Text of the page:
Patrick-Murray Administration Reaches 2017 Solar Energy Target, Sets New Goal

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May 1, 2013 –

Governor Deval Patrick today joined Energy and Environmental Affairs Secretary Rick Sullivan and other energy officials to celebrate 250 megawatts of solar energy installed – reaching the Patrick-Murray Administration’s goal four years early – and announced a new goal of 1,600 MW by 2020.
“When we set ambitious goals and invest in achieving them, Massachusetts wins,” said Governor Patrick. “The many businesses and homeowners who have taken advantage of cost effective renewable energy installations are helping to create both a safer and a more prosperous Commonwealth for the next generation.”
"By working with our legislative and municipal partners throughout the Commonwealth, we have achieved an ambitious goal far ahead of schedule while also supporting the state’s clean energy economy," said Lieutenant Governor Timothy Murray. "We will build on this momentum, and continue to invest in renewable energy to lead the nation in this growing industry."
Under Governor Patrick’s leadership, the amount of solar energy installed has increased 80 times from the 3 MW installed in 2007. Massachusetts has established strong incentives for renewable energy production that have led to significant cost reductions in solar electricity, making clean energy more accessible to Massachusetts businesses and residents.
“This exciting announcement is a direct result of Governor Patrick’s leadership in the clean energy revolution,” said Secretary Sullivan. “The initiatives and incentives we have established in Massachusetts are saving residents money, creating jobs and protecting our environment.”
“Massachusetts has a lot to celebrate, including the success we’ve had reducing the cost of solar,” said Department of Energy Resources Commissioner Mark Sylvia. “Those businesses, cities and towns, and homeowners who invest in renewable energy will reap the benefits of stable, reliable costs from this clean, local source of electricity.”
The Commonwealth’s Renewable Portfolio Standard (RPS) Solar Carve-Out program has established a strong solar energy market in Massachusetts, with a current cap of 400 MW. As that target approaches, state energy officials are fast-tracking revisions to expand the program.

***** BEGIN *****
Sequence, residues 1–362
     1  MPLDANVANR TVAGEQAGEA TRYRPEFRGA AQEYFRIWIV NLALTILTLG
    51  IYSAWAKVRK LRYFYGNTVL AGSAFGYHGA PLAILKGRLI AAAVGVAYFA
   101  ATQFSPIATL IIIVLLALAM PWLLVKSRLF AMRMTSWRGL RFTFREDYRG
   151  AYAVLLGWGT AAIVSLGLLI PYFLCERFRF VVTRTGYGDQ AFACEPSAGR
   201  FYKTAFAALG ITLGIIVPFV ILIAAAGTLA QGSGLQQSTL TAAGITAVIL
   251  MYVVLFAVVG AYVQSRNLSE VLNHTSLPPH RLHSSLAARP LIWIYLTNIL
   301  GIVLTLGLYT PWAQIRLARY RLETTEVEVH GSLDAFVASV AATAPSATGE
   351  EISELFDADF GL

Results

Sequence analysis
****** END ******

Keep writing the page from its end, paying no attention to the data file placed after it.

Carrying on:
Residential solar electricity prices dropped 28 percent in Massachusetts in 2012, according to a report issued by the Solar Energy Industries Association in March 2013. This was the second biggest drop in the nation last year.
In addition to strengthening the RPS, the Green Communities Act, signed by Governor Patrick in 2008, established the Green Communities designation and grant program that provides technical assistance and incentives to support solar development in the Commonwealth’s municipalities. There are currently 110 designated Green Communities in the Commonwealth and nearly half of all Massachusetts residents live in a Green Community.
These targeted investments have led to economic growth and job creation. The Massachusetts Clean Energy Center’s (MassCEC) 2012 Massachusetts Clean Energy Industry Report showed an 11.2 percent growth in Massachusetts clean energy jobs between 2011 and 2012. Nearly 5,000 clean energy firms employ more than 71,000 clean energy workers.
“The success of the solar industry and the clean energy sector as a whole is a testament to the commitment Massachusetts has made to become a renewable energy leader,” said MassCEC CEO Alicia Barton. “While we celebrate the success of one goal, we’re excited to tackle the next, creating more local jobs and keeping more energy dollars here at home.”
The solar power installed in Massachusetts generates enough electricity to power more than 37,000 homes for a year, and when compared with fossil fuel-generated electricity, is the equivalent of eliminating the greenhouse gas emissions from nearly 26,000 cars a year.
When the new goal is reached, 1,600 MW of installed solar will generate enough electricity to power approximately 240,000 homes annually – the equivalent of 97 percent of Boston households – and reduce the greenhouse gas emissions produced by about 166,000 cars.
“The Solar Energy Industries Association (SEIA) applauds the Commonwealth’s phenomenal success in attracting investment, innovative companies and jobs while driving down costs,” said SEIA Senior Vice President of State Affairs Carrie Cullen Hitt. “Massachusetts ranks number seven in the nation for solar installations (2012) and number two for driving down costs, which dropped over 28 percent in 2012. We look forward to expanding this success with Governor Patrick and his team.”
Massachusetts sits at the end of the energy pipeline, spending billions of dollars annually to import all of its fossil fuel based energy sources from places like South America, Canada and the Middle East. That is lost economic opportunity that Massachusetts stands poised to reclaim through investments in home-grown renewable energy programs.